Art. 840. When the testator leaves legitimate children or descendants, and also natural children, legally acknowledged, each of the latter shall be entitled to one-half of the portion pertaining to each of the legitimate children who have not received any betterment, provided that it may be included within the freely disposable portion, from which it must be taken after the burial and funeral expenses have been paid.

The same share which is one-half of the legitime of each of the legitimate children or descendants is given to each of the acknowledged natural children under Article 895 of the New Civil Code, which reads: t.hqw

Art. 895. The legitime of each of the acknowledged natural children and each of the natural children by legal fiction shall consist of one-half of the legitime of each of the legitimate children or descendants.

The final adjudication made by the trial court in its Order dated May 25, 1975 (affirmed by the Court of Appeals) directed the registration of the land in question in the name of the co-ownership of petitioner Andrea M. Moscoso for 13/14 share and Maximina L. Moron, the oppositor, for 1/14 share in view of the court's realization that no documentary evidence was presented to prove that the other oppositors, Concordia Lanuncia and Apolonia Lanuncia (decease) and mother of oppositor Flaviano Marchadesch, Jr. were acknowledged by Pascual Monge, In the interest of justice, We must modify the above sharing in order to give the legal share of the oppositor as an acknowledged natural child.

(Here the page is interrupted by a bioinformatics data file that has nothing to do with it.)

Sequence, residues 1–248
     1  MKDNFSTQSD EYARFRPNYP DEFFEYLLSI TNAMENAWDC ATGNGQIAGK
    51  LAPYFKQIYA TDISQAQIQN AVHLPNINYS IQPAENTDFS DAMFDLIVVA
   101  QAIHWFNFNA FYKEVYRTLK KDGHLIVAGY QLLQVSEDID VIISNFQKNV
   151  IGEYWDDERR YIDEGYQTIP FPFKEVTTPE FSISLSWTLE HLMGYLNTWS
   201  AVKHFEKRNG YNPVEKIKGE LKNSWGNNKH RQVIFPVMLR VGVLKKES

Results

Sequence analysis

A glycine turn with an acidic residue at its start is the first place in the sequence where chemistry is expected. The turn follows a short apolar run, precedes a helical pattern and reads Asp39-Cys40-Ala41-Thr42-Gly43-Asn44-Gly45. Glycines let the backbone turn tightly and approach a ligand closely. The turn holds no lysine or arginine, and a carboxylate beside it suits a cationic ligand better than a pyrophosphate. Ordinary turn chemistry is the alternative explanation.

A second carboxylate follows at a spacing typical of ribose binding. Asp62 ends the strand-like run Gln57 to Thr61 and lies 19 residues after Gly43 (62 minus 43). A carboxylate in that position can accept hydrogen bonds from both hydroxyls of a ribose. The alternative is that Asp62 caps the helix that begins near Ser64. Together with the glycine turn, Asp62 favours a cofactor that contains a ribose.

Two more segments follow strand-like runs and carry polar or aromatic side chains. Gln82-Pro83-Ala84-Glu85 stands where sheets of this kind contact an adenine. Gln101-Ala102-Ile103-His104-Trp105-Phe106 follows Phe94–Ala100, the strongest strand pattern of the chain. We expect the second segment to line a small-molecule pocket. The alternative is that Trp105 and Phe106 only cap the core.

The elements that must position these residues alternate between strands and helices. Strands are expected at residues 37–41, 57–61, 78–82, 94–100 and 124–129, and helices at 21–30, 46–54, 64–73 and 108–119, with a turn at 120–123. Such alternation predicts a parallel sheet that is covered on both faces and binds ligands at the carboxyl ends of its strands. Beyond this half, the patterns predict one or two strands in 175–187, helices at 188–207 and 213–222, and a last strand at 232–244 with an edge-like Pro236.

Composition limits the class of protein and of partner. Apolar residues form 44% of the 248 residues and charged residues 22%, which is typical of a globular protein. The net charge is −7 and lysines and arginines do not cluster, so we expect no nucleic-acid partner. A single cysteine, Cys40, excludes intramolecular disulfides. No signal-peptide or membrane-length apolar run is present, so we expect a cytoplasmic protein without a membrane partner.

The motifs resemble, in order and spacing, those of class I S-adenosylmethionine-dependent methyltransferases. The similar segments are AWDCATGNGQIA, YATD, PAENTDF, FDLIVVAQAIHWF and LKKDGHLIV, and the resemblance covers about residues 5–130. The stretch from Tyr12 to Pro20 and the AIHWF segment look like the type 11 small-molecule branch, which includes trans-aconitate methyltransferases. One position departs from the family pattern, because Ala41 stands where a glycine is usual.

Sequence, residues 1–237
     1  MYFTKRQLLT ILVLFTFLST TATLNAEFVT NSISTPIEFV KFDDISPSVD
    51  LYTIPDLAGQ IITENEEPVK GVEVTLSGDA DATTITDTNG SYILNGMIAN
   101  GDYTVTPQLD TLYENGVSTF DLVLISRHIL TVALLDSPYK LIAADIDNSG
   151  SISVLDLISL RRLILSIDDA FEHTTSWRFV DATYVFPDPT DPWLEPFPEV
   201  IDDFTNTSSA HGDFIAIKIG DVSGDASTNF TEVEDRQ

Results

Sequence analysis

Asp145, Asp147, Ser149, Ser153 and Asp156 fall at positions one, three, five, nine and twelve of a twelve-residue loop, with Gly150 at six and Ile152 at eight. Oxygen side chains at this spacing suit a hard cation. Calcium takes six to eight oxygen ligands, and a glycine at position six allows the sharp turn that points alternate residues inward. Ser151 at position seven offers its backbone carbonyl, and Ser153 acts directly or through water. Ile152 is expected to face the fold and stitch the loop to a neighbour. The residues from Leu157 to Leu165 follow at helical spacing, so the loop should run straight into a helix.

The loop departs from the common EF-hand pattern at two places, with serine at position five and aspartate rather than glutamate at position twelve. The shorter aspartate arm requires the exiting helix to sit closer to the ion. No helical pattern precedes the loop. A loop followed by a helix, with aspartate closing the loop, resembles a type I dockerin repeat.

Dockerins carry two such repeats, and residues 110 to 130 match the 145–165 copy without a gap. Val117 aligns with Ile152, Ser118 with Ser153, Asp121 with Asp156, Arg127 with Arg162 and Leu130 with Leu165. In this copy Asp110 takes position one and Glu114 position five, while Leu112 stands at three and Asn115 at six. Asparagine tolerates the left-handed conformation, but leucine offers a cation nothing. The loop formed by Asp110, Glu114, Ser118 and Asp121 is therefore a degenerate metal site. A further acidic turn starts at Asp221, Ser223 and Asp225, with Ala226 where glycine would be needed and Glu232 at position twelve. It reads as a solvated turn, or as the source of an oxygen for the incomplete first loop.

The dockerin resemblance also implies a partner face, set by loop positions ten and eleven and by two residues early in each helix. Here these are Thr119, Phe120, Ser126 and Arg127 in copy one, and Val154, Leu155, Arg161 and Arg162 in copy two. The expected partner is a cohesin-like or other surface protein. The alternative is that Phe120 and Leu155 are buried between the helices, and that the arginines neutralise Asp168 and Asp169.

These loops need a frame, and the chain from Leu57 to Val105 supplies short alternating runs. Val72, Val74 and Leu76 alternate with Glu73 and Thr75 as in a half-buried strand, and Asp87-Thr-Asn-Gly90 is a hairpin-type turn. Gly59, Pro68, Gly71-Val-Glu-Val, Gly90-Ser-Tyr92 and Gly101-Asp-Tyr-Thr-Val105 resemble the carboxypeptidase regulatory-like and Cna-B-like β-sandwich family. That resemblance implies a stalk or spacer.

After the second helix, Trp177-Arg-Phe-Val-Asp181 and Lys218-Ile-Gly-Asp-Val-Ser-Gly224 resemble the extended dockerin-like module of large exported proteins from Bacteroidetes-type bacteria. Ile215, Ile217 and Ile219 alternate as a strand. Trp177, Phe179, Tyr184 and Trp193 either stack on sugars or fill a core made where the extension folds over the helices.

Since there are six (6) legitimate children including the petitioner Andrea M. Moscoso who had previously acquired the shares of her five (5) co-heirs, and one (1) acknowledged natural child, the oppositor Maximina L. Moron, herein private respondent who is entitled to onehalf (1/2) the share of each of the legitimate children (Article 840, Spanish Civil Code; Article 895, New Civil Code), the proper sharing should be 12/13 to Andrea M. Moscoso and 1/13 to Maximina L. Moron.

WHEREFORE, IN VIEW OF THE FOREGOING, the decision appealed from is hereby MODIFIED in the sense that the adjudication of the land subject of the land registration proceedings shall be in the co-ownership of petitioner-applicant Andrea M. Moscoso for 12/13 share and to oppositor-private respondent Maximina L. Moron for 1/13 share. In all other aspects, the decision appealed from is hereby AFFIRMED. Costs against petitioner.